We’ve moved! Find the latest Research and Policy Institute updates on the NASPA blog!
Starting in late April, 2019, the NASPA Research and Policy Institute blog has been merged into the NASPA blog! Check us out there: http://www.naspa.org/about/blog
First-Generation Student Success through Leadership
My current role as the Program Coordinator for Diversity and Inclusion allows me the opportunity to provide support for first-generation college students. Our institution defines the first-generation identity as “the first in your family to attend college, or the first in your family to attend a college in the United States”. Our Center for Diversity and Inclusion oversees support for students of color, DACA/undocumented, LGBTQIA+, and first-generation student populations. As the first-generation student experience recently came into our Center’s purview, we are building a foundation for the support for this population. As I look at research around the first-generation student experience in higher education, I am consistently finding my passion for student leadership wanting to come into the conversation.
What Does it Mean to be an Anchor Institution?
Lewis University, a Catholic and Lasallian institution with a wonderfully justice-oriented mission, is located in Will County, Illinois. The main campus is about 35 miles southwest of Chicago and about 6 miles away from Joliet, Illinois’ fourth largest city. When I started at Lewis four years ago, I was thrilled to see that the mission is front and center in decision-making on campus. Faculty and staff have a solid understanding of our institutional focus and most can recite mission values from memory. Despite this strength, at times our justice orientation shows up in very inwardly focused ways, lifting up only those who attend the institution, instead of bringing this mission out to the public for the common good. In an area that doesn’t boast a lot of institutions which align themselves with regional well-being, Lewis’ decision to become an anchor institution, providing intentional support to our local community, could have a real impact in the region.
Navigating the “Truths” of History
This year, 2019, serves as the 400th commemoration of the emergence of the first representative legislative body, “planting the seed of democracy in America,” and equally significant, it marks the arrival of Africans—who did not have any legal protections or status—to the shores of what is now known as Virginia.1 The men who established representative government and made the first laws in 1619, also took the first steps toward creating a system of slavery. Republican democracy and the political economy of slavery were inextricably linked for more than 250 years.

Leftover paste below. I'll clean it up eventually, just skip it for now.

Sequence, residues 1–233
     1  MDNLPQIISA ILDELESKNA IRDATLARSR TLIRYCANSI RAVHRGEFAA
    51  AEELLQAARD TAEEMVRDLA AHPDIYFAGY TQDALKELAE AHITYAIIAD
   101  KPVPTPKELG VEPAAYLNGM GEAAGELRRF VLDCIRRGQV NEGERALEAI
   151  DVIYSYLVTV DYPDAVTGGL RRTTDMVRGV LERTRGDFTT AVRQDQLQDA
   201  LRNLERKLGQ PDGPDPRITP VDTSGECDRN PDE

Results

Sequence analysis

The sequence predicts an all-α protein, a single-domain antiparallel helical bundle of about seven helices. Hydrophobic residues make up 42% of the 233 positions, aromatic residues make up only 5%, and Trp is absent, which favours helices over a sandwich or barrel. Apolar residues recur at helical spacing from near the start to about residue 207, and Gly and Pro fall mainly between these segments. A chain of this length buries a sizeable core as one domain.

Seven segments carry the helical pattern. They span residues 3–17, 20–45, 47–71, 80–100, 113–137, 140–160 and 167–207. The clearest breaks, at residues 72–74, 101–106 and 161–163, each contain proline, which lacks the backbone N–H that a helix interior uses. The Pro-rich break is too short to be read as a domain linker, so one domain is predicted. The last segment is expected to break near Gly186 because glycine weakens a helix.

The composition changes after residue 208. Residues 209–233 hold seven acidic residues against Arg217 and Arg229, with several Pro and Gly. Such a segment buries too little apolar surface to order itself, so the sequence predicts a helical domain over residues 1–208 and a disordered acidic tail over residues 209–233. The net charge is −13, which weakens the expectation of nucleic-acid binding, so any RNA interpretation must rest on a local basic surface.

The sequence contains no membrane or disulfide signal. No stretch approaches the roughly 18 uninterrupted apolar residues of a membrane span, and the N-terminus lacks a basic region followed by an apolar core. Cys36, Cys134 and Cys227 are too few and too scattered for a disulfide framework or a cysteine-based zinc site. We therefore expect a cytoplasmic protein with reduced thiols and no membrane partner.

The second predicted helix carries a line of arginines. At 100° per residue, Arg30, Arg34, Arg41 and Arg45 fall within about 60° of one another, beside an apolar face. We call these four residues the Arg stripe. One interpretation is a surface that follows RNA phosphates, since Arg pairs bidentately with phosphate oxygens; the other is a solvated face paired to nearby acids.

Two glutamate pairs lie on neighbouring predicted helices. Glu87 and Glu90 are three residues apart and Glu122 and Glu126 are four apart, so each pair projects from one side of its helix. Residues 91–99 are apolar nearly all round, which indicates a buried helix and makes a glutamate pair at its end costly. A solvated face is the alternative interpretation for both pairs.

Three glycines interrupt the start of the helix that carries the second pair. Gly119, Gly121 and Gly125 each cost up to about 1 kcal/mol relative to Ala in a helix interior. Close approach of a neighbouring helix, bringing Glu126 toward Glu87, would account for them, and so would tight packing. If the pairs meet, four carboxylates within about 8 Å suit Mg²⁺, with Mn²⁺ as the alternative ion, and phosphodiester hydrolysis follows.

The Future for Student Leadership Development
At a time when the value of higher education is being questions, this is an opportunity for our field to examine our role in the academe. What are we, as Student Leadership Professionals, doing to prepare students to deal with the challenges of climate change, humanitarian refugee and immigration crises, the gun violence epidemic, and rights and freedoms being challenged in our democracy? Student Leadership Development is uniquely positioned to expose students to not only pressing issues but also to equip students with the tools and skills needed to be informed and address the most pressing needs of our world.
Discovering a New Path
The Public Leadership Education Network’s week-long Women in Global Policy seminar was the perfect marriage of my interests in people, why we do what we do, and how our choices play out on the world stage. Before attending PLEN, like most people I thought the only careers for young people in Washington D.C. were on Capitol Hill. Soon after the seminar’s first panel discussion, I quickly discovered that the nature of policy work requires every kind of person at the table. The seminar was a time to recognize the different backgrounds of the speakers and see where their strengths helped them in their careers and in life.